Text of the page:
Comparing What Counts as Acceptable Delay for Pedestrians and Motorists

This video, from the Ontario-based advocacy group Sudbury Moves, puts in perspective how patient we ask people to be at pedestrian crossings.

Think it’s no big deal to wait 90 seconds to cross the street? Well, people don’t expect to wait that long at the drive-through. In the time it takes to wait for a walk signal, two cars full of passengers are able to order and get their food from this Tim Horton’s. (To me it looks like it may be three cars, but I’ll accept the filmmakers’ accounting.)

The video is boring, just like waiting at the light is boring and frustrating. But it’s a strong comment on how transportation systems prioritize motorists over pedestrians. And the stakes are pretty high, since the pedestrian signal is so inconvenient (in addition to making people wait, it’s only activated if someone pushes a button) that a lot of people disregard it.

Sudbury Moves produced another video explaining why this particular intersection is broken. After a motorist struck a person crossing the street, police fined the pedestrian $50 for crossing against the light.

If you consider the conditions, it’s just not easy to cross safely at this intersection — a predictable result of planning for cars and not for people.

6 thoughts on Comparing What Counts as Acceptable Delay for Pedestrians and Motorists

  1. Beyond that, “Level of Service”-based evaluations of road and highway projects would tout billions of dollars in time savings if they took 90 seconds off every car trip in a certain corridor (no matter how long).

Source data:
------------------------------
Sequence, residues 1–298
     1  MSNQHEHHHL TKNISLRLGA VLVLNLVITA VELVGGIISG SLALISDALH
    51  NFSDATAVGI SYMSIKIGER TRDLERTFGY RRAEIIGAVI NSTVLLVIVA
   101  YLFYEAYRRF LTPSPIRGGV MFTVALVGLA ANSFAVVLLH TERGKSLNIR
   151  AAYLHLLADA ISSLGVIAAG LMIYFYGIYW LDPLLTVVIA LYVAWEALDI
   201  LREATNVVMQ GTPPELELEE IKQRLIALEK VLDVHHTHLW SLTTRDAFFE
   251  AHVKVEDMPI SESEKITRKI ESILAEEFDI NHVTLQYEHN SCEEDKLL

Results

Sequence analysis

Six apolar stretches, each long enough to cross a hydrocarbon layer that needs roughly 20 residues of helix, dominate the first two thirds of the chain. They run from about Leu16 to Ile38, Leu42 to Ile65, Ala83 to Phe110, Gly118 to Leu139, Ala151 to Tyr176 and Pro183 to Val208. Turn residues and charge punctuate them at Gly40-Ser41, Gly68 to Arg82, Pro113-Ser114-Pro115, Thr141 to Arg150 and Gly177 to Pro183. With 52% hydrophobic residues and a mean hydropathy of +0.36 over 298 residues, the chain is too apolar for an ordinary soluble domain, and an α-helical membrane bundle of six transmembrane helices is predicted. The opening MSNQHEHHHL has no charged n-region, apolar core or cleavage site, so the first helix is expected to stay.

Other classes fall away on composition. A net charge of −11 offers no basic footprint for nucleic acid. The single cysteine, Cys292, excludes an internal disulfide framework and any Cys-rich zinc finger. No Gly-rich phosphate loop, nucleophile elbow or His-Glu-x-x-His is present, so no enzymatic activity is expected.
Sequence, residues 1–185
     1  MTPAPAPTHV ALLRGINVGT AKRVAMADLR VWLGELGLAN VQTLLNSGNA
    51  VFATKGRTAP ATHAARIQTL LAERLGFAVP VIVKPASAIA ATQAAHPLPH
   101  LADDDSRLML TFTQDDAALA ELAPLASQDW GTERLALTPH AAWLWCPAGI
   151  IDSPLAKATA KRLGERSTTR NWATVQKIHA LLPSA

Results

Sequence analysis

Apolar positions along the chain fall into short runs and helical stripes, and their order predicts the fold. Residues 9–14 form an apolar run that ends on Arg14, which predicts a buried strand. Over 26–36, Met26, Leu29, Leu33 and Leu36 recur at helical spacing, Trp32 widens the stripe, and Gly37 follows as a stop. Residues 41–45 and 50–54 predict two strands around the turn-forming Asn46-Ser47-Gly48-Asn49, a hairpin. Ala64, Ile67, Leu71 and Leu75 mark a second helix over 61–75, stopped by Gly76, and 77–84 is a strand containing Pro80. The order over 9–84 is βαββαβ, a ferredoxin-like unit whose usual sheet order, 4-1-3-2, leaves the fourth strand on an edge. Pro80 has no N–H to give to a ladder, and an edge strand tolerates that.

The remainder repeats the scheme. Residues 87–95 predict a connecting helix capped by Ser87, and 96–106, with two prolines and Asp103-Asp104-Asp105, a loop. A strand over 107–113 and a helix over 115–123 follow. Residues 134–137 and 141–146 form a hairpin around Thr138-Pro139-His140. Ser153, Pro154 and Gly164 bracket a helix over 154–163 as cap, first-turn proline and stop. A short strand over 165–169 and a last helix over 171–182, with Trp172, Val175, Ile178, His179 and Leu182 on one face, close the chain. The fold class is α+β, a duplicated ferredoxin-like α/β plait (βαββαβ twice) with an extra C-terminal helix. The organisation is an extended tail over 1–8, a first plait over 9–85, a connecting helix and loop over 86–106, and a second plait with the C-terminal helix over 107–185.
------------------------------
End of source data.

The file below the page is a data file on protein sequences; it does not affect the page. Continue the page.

2. Even if motor vehicles and pedestrians have equal wait times, that’s still unfair because people in vehicles are in the comfort of protection from the elements. I formally asked NYC DOT a couple years ago if they’d consider adjusting signal timing at least on bad weather days to accommodate pedestrians and they said they’d study it but I’ve never heard anything since. And hell while I’m at it, The Crosswalks Are Too Damn Narrow! The unfairness is everywhere.

  3. What about adjusting the signals to create a “walk wave” so that pedestrians walk signals are synchronized for continuous walking without stopping? At a minimum every intersection study should show level is service and volumes for both vehicles and pedestrians.

  4. The challenge might be that a “normal” walk speed for me is different than a normal walk speed for my mother and for my daughter, yet we’re all pedestrians.

  5. In places like those in this article, pedestrian crossings are so far from each other, there would be no point in a walk wave.

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